“I don’t know where they are or how they feel.

“I don’t even know if they are alive.”

Deciding to go to Sudan

He had been a student for five months. On 22 January 2017, Omar sat bent over his books in the university library. He was hungry. He couldn’t concentrate. All he could think of was the hopeless situation he was in.

“Then I decided to leave. It was the only solution if I was going to survive,” says Omar and continues:

“At first I thought of Kenya, but at that time, the border was more or less closed. But what about Sudan? I had heard that it was possible to get a job there. My goal was to make money so that I could cover the most important things, such as food, a place to sleep and expenses for my studies. I turned to a guy I was friends with on Facebook. I had noticed that he had posted a picture of himself in Khartoum [Sudan’s capital]. I wrote to him for advice.

“He answered: ‘Getting to Sudan is a simple matter.’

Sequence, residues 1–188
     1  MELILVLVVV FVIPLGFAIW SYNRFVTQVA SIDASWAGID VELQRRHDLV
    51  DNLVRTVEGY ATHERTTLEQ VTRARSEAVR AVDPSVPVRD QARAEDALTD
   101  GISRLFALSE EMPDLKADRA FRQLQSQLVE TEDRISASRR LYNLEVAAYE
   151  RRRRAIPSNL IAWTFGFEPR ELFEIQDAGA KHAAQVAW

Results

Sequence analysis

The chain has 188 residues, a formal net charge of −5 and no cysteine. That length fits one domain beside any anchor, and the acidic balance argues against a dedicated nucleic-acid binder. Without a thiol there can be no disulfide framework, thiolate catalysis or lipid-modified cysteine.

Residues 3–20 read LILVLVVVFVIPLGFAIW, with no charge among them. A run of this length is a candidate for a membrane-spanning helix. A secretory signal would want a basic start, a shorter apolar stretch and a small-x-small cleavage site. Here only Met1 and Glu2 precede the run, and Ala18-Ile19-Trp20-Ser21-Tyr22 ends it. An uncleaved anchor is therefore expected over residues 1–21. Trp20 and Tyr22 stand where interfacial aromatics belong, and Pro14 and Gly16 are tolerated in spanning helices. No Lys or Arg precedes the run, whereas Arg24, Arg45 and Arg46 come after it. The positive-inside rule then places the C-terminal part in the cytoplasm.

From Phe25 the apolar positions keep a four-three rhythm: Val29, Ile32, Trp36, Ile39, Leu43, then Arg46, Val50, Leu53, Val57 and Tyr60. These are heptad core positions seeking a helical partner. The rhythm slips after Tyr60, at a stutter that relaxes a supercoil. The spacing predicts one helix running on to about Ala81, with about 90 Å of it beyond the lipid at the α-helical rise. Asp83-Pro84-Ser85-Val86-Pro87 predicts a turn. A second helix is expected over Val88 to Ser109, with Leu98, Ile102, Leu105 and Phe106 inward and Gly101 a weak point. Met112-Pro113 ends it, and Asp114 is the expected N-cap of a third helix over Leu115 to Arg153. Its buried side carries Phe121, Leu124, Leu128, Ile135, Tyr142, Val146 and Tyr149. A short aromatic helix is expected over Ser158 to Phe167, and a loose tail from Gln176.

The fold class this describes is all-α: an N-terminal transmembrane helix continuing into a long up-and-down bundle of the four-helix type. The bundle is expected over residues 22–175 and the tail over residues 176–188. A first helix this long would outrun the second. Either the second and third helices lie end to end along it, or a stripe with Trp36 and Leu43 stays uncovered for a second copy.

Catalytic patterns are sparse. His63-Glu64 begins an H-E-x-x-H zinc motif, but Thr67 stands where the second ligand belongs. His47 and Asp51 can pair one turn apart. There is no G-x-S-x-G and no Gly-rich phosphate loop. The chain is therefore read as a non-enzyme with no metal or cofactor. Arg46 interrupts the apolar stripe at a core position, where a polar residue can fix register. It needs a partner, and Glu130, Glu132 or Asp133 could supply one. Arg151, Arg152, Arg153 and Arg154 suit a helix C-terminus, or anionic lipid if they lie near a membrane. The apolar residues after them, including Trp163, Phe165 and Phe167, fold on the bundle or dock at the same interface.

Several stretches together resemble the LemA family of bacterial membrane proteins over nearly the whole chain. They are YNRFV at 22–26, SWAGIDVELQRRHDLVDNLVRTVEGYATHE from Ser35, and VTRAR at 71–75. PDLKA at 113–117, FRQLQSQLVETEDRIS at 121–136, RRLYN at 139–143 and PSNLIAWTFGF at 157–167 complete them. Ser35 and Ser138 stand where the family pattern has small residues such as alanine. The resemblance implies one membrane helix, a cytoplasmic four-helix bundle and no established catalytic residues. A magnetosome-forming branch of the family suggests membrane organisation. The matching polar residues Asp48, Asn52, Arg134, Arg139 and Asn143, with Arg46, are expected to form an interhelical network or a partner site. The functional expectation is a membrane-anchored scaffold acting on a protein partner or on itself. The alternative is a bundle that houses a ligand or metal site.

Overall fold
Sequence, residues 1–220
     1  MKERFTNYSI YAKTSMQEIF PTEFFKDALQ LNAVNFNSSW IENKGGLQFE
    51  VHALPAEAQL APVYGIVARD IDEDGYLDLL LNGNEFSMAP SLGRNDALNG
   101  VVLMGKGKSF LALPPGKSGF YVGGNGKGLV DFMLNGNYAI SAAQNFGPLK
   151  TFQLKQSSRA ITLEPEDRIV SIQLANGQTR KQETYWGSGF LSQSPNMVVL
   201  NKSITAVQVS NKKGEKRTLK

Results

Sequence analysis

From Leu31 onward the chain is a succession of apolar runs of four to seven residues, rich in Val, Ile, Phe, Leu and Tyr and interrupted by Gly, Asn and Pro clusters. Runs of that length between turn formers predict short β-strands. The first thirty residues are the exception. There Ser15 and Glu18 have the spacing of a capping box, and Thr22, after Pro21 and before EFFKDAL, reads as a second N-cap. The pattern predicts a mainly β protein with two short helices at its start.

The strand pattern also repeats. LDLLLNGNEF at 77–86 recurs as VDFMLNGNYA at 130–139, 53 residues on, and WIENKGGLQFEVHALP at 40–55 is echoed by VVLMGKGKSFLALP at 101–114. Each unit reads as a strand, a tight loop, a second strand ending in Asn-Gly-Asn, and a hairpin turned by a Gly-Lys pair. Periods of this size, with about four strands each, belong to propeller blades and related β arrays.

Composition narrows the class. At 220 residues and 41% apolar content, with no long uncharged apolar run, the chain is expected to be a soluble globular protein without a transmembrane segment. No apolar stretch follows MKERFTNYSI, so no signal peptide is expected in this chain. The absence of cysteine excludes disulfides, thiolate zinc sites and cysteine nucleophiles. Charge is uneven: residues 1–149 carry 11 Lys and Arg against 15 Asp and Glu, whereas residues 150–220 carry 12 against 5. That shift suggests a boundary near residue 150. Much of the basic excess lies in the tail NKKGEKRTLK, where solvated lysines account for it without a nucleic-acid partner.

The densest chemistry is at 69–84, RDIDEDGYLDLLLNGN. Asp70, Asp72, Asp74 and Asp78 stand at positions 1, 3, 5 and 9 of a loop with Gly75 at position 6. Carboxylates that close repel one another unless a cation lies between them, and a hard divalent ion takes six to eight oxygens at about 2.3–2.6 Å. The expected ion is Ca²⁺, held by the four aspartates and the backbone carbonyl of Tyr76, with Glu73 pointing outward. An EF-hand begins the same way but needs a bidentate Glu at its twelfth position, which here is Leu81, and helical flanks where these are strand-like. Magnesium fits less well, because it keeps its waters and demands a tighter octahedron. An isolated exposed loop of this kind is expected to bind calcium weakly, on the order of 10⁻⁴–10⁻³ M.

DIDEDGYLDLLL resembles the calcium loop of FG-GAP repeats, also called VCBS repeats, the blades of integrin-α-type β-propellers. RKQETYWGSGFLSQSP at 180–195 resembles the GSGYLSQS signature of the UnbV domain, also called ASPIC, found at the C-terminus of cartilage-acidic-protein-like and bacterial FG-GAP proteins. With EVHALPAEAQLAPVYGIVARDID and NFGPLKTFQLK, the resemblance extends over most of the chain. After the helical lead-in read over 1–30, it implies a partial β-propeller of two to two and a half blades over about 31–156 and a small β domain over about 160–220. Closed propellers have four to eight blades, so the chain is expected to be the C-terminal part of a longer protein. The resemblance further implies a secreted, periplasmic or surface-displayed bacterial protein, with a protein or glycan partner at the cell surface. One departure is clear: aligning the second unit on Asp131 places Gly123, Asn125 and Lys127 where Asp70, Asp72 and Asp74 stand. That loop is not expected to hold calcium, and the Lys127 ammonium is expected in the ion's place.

“I said: ‘But I don’t have any money.’

“He said: ‘No problem! There is a group in Ethiopia that is going to make the trip now. You can contact them and say you want to join them. Just say hello from me.’

“I got a phone number that I called, and a man answered.

“I said: ‘Hello, I want to go to Sudan and my friend says you can help me. But I don’t have any money.’

“The man replied: ‘No problem. Do you want to leave tomorrow? I can pick you up.’”

In the traffickers’ network

“I was surprised that it was so easy and asked myself: why would they help me for free? But the man assured me that this was perfectly fine and that if I wanted to pay, I could do it later.”

The next day, at ten o’clock, the man drove up in a pickup truck to get Omar. He was a short man, around 35 years old. He said that Omar should not bring any luggage.

They drove for two hours to a place where a man from Eritrea and a man from Ethiopia were waiting. Omar was told that he was going to travel with them.

They were given food. Everything seemed fine.

“I asked the man from Ethiopia if he had paid anything for this trip. He answered: ‘No, but that I have a brother in Sudan who has paid for me,’” says Omar.